Amy Gillett was remembered by the peloton in Zeulenroda, Germany overnight as the Women’s Tour of Thüringen stopped to commemorate the Australian cyclist who was killed 10 years ago while training for the event.
Amy died and Katie Brown, Lorian Graham, Kate Nichols, Alexis Rhodes, and Louise Yaxley were seriously injured on 18 July 2005 when they were hit head-on whilst riding by a car driven by a drunk 18-year-old driver, who had her licence for just two weeks. They had been reconnoitring the course between the towns of Zeulenroda and Auma in preparation for the opener of the 2005 Tour of Thüringen the next day.
At the site of Amy’s death, where a memorial was erected one year after the crash, the entire peloton of this year’s Tour stopped at the end of a prolonged neutralisation to honour Amy’s memory in a commemoration arranged by the Tour of Thüringen organising team in cooperation with the Amy Gillett Foundation.
Kimberley Wells, the 2015 Amy Gillett Scholar, laid a floral tribute on behalf of the Foundation at the memorial, alongside the flowers Amy’s parents Mary and Denis Safe had arranged to be laid on the anniversary of the accident. Kimberley also read the words of mourning engraved on the memorial to the entire peloton.
Kimberley was joined by all the Australian riders in the peloton, whether in Australian teams or not, by the Jersey wearers, and by the former winners of the Amy Gillett Award for outstanding sportsmanship and fairness, which has been awarded by the Tour of Thüringen since 2006. The riders were wearing ‘We Remember’ pins provided by the Amy Gillett Foundation and commemorative wristbands from the event organisers. Along with Tour Director Vera Hohlfeld and Tour Directeur Sportif Franziska Große, they all placed a red rose at the memorial to honour a former mate who had to quit the peloton much too early.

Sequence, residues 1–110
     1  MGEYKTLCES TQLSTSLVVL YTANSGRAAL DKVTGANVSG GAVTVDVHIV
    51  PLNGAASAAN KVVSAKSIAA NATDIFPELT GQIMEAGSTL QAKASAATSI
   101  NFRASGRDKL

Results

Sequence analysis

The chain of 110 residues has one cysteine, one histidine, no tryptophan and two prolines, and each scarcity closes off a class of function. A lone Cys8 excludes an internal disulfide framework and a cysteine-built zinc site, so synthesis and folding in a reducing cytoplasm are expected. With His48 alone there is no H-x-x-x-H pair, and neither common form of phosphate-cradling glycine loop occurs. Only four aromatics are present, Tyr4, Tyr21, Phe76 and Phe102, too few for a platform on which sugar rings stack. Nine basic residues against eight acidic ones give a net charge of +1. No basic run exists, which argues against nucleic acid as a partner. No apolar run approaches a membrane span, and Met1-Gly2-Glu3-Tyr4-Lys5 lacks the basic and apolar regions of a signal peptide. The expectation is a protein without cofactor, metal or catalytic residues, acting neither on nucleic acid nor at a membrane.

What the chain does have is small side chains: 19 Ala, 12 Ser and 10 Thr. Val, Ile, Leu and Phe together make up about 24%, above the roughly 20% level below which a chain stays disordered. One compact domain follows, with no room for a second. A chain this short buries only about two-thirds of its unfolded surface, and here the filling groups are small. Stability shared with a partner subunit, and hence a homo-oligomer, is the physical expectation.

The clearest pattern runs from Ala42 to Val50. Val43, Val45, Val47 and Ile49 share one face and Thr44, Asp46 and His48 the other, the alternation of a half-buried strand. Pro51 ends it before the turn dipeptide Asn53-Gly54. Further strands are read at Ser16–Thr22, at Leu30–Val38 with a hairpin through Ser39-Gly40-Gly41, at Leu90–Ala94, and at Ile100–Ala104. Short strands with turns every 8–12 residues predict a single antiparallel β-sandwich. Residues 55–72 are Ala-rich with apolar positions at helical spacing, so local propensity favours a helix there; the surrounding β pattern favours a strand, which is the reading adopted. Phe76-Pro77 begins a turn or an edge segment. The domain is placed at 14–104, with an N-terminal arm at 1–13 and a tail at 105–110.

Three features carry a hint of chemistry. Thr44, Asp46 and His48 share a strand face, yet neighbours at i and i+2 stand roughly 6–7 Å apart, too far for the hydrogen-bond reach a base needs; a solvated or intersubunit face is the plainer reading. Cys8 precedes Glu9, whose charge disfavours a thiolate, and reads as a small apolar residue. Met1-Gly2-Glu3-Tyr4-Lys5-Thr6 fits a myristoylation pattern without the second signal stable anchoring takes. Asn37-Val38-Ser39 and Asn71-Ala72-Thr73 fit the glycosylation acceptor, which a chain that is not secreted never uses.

Race organisers said the emotional moment left its mark on the peloton and likely out of respect and solemness, none of the riders attacked before 15km into the stage.
Tour Director Vera Hohlfeld said Amy and her legacy had constantly been on the organisers’ and most riders’ minds and would be even more so on the 10th anniversary of the tragedy.
AGF CEO Belinda Clark said the foundation was deeply moved by the ongoing commitment of T.RF Sportmarketing to honour Amy’s memory and overwhelmed by the outpouring of emotion by riders, officials and spectators at the commemoration.
“We are grateful to the riders and organisers of this year’s Tour of Thüringen for taking time out from the race to commemorate Amy on the 10th anniversary of her death.
“Sharing the road safely is a cause that unites people around the globe, and the respect paid to the life and achievements of Amy Gillett, and the work that has been done since in her name is a wonderful legacy to have arisen from Amy’s death 10 years ago,” Ms Clark said.